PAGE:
2018-03-14 / Editorials

Daylight Wasting Time

None of us enjoys the twice-annual tradition of changing their clocks that disrupts their daily routine, appointments and worst of all, their sleep cycle. In fact, for many people, Daylight Saving represents weeks of getting their biorhythm back in sync with their schedule. Many say we should do away with Daylight Saving altogether. But we have the opposite idea: instead of ending Daylight Saving, let’s stay on it. We’d certainly appreciate that extra hour of daylight it brings, giving us a life after work, in which we feel more motivated to do things, and not like the day is shot. We see Florida has just beaten us to it, in fact. We hope this sets in motion a cascade of rebellion for the betterment of civilization as we know it. We’ve been doing it for 100 years, and we think that’s enough. It’s a nice round number, let’s make this the last year we do it! If people want to change their own schedules they are free to do so.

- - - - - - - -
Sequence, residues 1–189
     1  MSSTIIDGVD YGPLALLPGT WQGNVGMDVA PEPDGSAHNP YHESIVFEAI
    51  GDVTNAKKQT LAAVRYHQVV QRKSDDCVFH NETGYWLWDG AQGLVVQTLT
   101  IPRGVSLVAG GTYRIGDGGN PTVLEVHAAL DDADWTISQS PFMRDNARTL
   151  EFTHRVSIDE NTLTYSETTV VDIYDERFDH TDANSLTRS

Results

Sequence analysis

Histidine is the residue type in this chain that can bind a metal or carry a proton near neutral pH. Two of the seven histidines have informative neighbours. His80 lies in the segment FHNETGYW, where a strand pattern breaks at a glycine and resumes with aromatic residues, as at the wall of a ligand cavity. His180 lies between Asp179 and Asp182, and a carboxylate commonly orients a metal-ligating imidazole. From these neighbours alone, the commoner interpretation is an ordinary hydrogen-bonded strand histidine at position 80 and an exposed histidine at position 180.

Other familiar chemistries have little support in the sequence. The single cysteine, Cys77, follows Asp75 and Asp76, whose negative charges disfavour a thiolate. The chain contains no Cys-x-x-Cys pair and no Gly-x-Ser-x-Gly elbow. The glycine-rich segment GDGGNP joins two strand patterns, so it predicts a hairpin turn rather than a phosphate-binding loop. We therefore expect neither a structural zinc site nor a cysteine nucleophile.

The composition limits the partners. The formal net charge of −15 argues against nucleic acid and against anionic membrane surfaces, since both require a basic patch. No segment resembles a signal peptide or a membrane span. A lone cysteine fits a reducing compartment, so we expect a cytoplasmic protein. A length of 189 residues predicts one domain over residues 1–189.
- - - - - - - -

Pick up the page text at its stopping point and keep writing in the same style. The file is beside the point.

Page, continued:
We see the move as improving the lives of millions, who can use that extra bit of sunshine to counteract our seasonal affective disorder (SAD). SAD seems to be so universal it might not even be a disorder, but just the natural urge to hibernate. It is a fact those of us living at this latitude are severely lacking vitamin D we’d get from the sun. But as we are not doctors, we’ll stick to our experience. At the least, we’d no longer have to leave work in the dark those few miserable months, which adds insult to the injury of all the other things we don’t like about winter. Just think, instead of sitting around at home vegging out in front of the TV or social media all winter, we could be hiking around on the milder days, checking out the latest developments in our neighborhoods, exploring new neighborhoods, or just being more active, getting around to those projects we perpetually relegate to the back burners. Who couldn’t use that extra hour a day?

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